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S.D. cemetery has historic zinc grave markers

CLARK, S.D. -- Rose Hill Cemetery shares the peace and quiet of other graveyards, and though it claims the final resting spot of Gov. Samuel H. Elrod, it has another unique property.

CLARK, S.D. -- Rose Hill Cemetery shares the peace and quiet of other graveyards, and though it claims the final resting spot of Gov. Samuel H. Elrod, it has another unique property.

In fact, five others, all blue-tinged and modern in appearance. They lack the dirt and fungus of aged monuments and someone could reasonably assume they were erected last week, last month or last year.

But these are not typical gravestones; in fact, they are not stones at all.

They are made of the metal zinc, and they have called Rose Hill home for more than 100 years.

1874 to 1914


Zinc, or "white bronze" grave markers have a curious toehold in cemeteries across America.

Marketed as cheap, durable substitutes for granite, they were only made from 1874 to 1914, according to Barbara Rotundo, a cemetery scholar who wrote about zinc gravestones in the book "Cemeteries and Graveyards: Voices of American Culture."

Les Solberg, former mayor of Clark, stumbled on Rose Hill's particular stones when he was performing maintenance work in the cemetery about 10 years ago.

"I mowed for several years and never noticed them before," Solberg said. "Once I found one, I started looking out here."

Looks deceiving

He described finding the markers as "a freak thing" because most people drive or walk by them without noticing anything different.

The markers look like stone from a few feet away, until their bluish tinge becomes apparent.

Rose Hill Cemetery claims five zinc markers.


The first four are a tablet marker and three small obelisks.

The fifth sits beneath a Norwegian maple tree that Solberg himself planted more than 20 years ago: The statue of a lamb memorializing the death of 4-year-old Cora Lackey, who died on New Year's Eve in 1891.

Their construction

Cora's lamb epitomizes the quirks of zinc grave marker composition.

The object is hollow, with two halves fused along a vertical seam.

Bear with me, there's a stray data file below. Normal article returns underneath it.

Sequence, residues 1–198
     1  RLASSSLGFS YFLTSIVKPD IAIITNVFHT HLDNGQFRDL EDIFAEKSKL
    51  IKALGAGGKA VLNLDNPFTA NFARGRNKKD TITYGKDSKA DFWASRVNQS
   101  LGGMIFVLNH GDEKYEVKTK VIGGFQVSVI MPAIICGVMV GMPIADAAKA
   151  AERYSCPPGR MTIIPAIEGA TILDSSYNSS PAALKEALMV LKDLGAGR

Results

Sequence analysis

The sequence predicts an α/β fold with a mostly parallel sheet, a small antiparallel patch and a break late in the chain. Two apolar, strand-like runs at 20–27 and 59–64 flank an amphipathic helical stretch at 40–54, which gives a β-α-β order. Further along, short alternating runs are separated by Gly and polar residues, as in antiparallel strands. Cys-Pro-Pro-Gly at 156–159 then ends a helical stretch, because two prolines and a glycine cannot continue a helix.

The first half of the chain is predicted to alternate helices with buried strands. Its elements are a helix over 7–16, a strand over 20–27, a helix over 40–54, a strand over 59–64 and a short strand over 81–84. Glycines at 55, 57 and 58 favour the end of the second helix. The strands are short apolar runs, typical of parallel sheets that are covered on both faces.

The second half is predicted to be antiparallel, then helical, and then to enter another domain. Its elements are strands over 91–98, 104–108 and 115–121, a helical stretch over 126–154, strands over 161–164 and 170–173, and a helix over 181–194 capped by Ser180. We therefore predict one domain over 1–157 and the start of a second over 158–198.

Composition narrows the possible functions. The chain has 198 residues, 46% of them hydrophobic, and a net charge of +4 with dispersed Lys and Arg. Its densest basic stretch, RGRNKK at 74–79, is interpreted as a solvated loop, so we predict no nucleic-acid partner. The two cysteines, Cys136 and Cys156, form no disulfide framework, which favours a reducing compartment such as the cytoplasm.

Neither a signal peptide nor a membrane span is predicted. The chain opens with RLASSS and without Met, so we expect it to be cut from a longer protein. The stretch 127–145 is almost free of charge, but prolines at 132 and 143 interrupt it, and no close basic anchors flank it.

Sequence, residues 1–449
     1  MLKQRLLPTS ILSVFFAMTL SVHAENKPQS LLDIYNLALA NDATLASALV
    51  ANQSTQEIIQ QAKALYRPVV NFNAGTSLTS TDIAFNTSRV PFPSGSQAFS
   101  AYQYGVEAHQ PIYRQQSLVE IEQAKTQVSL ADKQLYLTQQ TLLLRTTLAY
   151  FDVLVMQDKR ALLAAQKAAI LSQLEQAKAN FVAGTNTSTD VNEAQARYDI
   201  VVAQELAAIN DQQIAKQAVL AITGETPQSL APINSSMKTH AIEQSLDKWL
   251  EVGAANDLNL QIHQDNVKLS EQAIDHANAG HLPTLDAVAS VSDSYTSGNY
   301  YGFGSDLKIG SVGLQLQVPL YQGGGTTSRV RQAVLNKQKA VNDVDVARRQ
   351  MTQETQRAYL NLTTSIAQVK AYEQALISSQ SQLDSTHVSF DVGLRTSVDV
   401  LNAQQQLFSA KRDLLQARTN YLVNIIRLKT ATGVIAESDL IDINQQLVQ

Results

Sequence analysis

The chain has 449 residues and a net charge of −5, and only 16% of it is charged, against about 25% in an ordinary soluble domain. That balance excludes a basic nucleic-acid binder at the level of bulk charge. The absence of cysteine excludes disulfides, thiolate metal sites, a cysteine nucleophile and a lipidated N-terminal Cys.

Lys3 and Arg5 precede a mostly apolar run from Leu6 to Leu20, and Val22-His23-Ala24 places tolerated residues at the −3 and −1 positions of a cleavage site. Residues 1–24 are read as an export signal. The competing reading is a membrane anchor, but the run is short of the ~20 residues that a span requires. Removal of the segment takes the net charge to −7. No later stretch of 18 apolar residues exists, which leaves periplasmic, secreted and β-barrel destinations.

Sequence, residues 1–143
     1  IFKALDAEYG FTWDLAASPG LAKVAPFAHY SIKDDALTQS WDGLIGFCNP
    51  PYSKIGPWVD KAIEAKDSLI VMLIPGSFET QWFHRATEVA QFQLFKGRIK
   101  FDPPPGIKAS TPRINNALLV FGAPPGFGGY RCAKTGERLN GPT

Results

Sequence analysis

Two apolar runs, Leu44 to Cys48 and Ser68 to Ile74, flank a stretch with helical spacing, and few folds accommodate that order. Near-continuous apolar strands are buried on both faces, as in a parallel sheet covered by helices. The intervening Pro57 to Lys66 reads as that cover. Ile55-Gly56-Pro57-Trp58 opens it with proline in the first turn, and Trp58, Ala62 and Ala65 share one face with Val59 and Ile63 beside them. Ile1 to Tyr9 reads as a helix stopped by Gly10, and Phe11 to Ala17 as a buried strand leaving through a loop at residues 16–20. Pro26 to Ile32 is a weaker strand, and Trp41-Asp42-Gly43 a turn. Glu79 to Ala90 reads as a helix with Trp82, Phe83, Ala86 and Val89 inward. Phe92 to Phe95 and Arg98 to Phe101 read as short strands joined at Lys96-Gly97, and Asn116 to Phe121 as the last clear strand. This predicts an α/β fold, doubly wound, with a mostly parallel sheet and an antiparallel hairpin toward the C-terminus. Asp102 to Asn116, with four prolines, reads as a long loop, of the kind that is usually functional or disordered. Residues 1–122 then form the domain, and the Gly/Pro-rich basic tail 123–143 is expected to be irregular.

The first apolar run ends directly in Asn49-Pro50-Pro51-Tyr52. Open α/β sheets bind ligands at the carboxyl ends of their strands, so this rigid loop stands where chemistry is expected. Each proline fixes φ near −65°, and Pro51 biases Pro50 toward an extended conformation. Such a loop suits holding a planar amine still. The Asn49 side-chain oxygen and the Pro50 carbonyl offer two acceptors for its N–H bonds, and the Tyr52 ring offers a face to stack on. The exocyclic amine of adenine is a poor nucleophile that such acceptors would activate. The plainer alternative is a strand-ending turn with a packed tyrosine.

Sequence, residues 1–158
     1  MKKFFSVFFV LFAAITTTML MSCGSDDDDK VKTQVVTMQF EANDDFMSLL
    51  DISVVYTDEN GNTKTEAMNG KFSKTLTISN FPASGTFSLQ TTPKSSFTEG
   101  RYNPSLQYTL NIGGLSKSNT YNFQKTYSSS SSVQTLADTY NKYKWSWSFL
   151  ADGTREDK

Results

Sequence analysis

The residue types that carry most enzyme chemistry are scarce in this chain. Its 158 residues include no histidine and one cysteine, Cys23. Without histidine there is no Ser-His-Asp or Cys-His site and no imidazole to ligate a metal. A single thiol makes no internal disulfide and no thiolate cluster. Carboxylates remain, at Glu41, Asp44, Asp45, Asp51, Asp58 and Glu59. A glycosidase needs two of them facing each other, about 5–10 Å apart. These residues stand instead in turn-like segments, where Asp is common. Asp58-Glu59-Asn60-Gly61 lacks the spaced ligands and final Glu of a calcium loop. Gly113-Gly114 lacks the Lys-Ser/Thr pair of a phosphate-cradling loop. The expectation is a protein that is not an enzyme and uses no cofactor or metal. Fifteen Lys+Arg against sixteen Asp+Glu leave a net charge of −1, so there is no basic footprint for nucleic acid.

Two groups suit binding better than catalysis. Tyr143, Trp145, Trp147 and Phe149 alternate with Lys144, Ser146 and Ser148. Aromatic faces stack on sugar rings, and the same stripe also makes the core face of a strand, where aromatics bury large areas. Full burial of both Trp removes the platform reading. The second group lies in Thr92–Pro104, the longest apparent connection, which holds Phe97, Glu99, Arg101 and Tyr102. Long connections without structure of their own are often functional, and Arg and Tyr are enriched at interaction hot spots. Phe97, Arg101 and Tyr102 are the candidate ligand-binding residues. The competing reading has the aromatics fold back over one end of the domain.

Sometime in the past 116 years, the seam has cracked, leaving an uneven but visible split along the top of the monument.

Custom plaques were bolted onto the memorials; in Cora's case an inscription at the lamb's base reads: "Our Darling, Safe, Safe At Home."

A cemetery containing five zinc markers is a rarity, said Donald Hall, trustee of the Mount Hope Cemetery in Rochester, N.Y., and member of the Association for Gravestone Studies.


"It's unusual to find more than three or four in a graveyard, so five is a nice find," Hall said.

He said zinc grave markers can be found across the U.S. and Canada, and were sold through sales agents.

"Most agents, in modern terms, were moonlighting; but judging by the markers they left behind, very few of them made any money. This ... undoubtedly explains why most cemeteries contain only one or two examples of white bronze," Rotundo wrote.

Only one company

Monumental Bronze Co. of Bridgeport, Conn., the sole company that manufactured zinc markers, limited sales agents to one per county, Hall said.

All zinc markers were created at the company's headquarters in Bridgeport by an artist who molded a wax model of the desired monument, Rotundo wrote.

Then, a plaster duplicate of the model was made, which would then be used to cast sections of the zinc, she wrote. The separate sections would then be fused together with molten zinc.

Hall said that it is not known how many grave markers are in existence. Solberg has only seen the zinc markers in one other cemetery.

Had subsidiaries

Several zinc gravestones at Rose Hill bear the stamp of Western White Bronze Co., a Des Moines-based subsidiary of Monumental Bronze Co. that manufactured zinc grave markers from 1886 to 1908.

Rotundo wrote that Monumental Bronze Co. set up subsidiaries across the Northeast and Midwest to help cast and distribute the gravestones.

Affordable price

Affordability was one of the gravestones' chief selling points.

A zinc grave marker with name and dates cost about $6 at the time the monuments were being built, Rotundo wrote.

A $6 marker from 1889 would cost $139.47 in 2008 dollars, according to a dollar-value calculator on Measuringworth.com, a Web site that measures monetary value over American history.

A contemporary stone grave tablet, by comparison, begins about $2,000, including base and carving, according to a sales associate at a local memorial company.

Gone after 1914

After 40 years, zinc grave markers disappeared from the marketplace.

A prime reason was the outbreak of World War I in 1914, at which point Monumental Bronze Co. switched to producing war materials for Europe, Hall said.

One of the zinc grave markers' selling points may have also spelled their undoing.

After four decades of being touted as a modern alternative to gravestones, zinc monuments were no longer the new thing, Hall said.

He added that a more classical, traditional taste may have come back into fashion.

Solberg himself has a personal connection to one of the Rose Hill stones.

His wife's great-grandfather was one of the first settlers, William Baily, who died in 1884, Solberg said.

For Solberg, the stones represent a unique slice of Americana.

"That's a little piece of history that just kind of got lost," Solberg said.

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